Overall, has it been relatively smooth? If not, what were some of the struggles along the way?
Building everything from scratch has bee liberating, but also very challenging. There is no roadmap, so everything has bee trial-and-error. I’m basically a one-man department, and while producing the podcasts began as a small endeavor, it has continually grown in scope. I’ve had to learn new skills and refine old ones like audio engineering editing, and social media marketing. Overseeing six shows (with more on the way) can definitely be daunting, and some times it’s hard to keep your head on straight. But It’s always exciting and I love problem-solving — Plus I get my own intern soon, so that should help!

KTLA – what should we know? What do you guys do best? What sets you apart from others?
With KTLA podcasts, we want to provide our audience with content that is informative, entertaining, and engaging. We produce several podcasts of varying topics (Frank Buckley Interviews, Spoken Dreams, The News Director’s Office, California Cooking, Diva Defined with Sheryl Lee Ralph, Tech Smart with Rich DeMuro). Specifically, with my “Spoken Dreams” podcast, my goal is to give local creatives a place where they can unabashedly share their journeys and talk about their ambitions. Breaking into the entertainment industry is not easy, and I want to do my part to help elevate their work, while also hopefully inspiring others to have the courage to pursue the things they love.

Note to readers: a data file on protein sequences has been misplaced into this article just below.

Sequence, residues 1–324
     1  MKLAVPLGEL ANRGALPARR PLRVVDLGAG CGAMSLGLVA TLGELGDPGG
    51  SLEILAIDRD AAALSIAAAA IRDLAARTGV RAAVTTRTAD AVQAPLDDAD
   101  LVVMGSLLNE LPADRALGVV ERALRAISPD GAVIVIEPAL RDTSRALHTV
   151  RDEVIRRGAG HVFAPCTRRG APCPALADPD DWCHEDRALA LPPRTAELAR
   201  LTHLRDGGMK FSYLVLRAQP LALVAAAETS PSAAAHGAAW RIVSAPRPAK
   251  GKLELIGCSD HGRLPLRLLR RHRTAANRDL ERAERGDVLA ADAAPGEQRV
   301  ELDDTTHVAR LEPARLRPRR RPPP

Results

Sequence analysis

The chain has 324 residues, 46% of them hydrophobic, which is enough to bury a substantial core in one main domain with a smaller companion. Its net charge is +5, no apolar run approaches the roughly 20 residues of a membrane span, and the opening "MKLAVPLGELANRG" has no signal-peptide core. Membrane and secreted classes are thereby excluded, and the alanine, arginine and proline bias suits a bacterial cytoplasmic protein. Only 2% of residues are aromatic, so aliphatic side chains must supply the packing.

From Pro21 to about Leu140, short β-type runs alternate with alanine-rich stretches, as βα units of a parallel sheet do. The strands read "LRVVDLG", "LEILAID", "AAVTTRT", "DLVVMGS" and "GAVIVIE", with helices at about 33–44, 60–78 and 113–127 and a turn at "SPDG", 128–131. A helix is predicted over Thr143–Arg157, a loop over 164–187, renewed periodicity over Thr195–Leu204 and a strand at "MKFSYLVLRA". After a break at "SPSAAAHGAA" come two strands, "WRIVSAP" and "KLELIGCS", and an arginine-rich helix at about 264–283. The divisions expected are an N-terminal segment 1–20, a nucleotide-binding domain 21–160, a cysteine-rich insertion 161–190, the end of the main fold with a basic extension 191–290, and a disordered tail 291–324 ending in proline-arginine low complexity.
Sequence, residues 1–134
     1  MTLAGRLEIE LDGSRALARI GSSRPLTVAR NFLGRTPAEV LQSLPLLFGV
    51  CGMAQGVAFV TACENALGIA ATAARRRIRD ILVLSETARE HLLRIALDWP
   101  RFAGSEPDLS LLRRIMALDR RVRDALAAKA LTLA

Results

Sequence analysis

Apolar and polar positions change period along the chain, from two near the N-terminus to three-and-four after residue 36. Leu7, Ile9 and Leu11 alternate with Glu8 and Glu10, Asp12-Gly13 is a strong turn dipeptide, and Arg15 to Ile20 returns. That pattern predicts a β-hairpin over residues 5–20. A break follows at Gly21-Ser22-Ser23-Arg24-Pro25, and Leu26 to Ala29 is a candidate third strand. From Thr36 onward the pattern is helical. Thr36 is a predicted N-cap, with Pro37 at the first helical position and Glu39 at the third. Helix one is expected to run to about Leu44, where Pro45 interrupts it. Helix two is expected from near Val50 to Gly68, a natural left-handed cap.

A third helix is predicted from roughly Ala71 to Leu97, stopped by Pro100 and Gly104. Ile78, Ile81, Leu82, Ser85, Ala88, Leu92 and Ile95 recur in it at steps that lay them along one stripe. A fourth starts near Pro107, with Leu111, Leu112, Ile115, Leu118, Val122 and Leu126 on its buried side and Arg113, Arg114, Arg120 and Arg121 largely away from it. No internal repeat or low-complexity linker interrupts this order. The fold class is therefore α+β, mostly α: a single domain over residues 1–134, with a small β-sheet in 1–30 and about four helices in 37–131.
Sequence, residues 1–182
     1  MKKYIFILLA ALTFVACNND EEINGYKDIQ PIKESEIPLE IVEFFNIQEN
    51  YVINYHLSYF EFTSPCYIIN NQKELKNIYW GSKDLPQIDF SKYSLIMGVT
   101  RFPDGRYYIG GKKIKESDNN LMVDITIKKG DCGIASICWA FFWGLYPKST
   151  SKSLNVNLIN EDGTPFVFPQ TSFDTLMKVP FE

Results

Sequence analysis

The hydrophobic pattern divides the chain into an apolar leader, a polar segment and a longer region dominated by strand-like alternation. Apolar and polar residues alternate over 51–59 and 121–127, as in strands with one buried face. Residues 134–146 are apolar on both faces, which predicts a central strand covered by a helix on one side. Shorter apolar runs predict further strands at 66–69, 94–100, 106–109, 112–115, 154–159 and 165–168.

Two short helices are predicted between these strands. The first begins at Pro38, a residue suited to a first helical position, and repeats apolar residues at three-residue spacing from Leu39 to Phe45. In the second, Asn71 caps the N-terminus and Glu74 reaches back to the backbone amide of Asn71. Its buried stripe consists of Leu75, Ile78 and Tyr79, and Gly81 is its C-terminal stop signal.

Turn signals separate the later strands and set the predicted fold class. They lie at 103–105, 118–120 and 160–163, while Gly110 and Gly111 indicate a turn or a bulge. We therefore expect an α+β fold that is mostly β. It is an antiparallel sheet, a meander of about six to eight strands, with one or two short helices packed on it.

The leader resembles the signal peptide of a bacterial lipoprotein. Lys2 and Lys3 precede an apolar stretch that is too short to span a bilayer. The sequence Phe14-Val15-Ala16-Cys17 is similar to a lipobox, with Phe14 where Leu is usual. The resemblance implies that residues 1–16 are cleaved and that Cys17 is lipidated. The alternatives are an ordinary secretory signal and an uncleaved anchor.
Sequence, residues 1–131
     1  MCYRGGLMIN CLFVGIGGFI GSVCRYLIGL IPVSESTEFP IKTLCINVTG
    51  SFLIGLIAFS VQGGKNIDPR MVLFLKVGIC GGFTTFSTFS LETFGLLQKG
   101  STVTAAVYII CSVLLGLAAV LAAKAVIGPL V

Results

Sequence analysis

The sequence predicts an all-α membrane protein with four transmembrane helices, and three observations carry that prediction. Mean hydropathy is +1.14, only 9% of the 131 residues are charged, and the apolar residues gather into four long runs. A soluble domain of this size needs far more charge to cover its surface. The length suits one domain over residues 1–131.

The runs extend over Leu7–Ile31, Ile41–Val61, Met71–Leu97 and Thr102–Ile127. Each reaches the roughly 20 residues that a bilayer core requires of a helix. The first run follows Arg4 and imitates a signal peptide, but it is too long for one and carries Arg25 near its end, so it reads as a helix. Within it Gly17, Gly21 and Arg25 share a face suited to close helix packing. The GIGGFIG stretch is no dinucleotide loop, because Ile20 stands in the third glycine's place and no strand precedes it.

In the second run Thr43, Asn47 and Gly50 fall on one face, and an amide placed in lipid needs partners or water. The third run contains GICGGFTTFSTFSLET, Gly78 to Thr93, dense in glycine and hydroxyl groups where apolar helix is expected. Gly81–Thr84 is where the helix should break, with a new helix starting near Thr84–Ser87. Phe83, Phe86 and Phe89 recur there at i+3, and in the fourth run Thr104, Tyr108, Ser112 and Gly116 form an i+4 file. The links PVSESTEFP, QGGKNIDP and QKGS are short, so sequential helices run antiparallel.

I also think people just want to be heard, and one of my guiding principles for the podcast, and in life, is empathy. One of my proudest moments doing the “Spoken Dreams” podcast was when a guest gave an impassioned recounting of how she was the target of bullying and racism in high school. She sent me a text the day after her podcast episode was released to say that some of her classmates had reached out to apologize after listening to her story, and recognizing that they may have contributed to the bullying she mentioned. That was special to me because while the podcast episode didn’t necessarily help her get cast in the next big movie or bring attention to her screenplay, it helped her reconcile her past.

What is “success” or “successful” for you?
In this business, it’s easy to measure success by download stats, subscribers, and ad revenue. While I’m privileged to be doing this for a Los Angeles news station with a large, built-in audience, I prefer to measure success by the micro-interactions. Any time someone tells me they enjoyed an episode they listened to or leaves a nice review, or when a guest reaches out saying their appearance on the show helped them out in some way, that’s what means the most to me. I feel most successful when I’ve helped someone else be successful.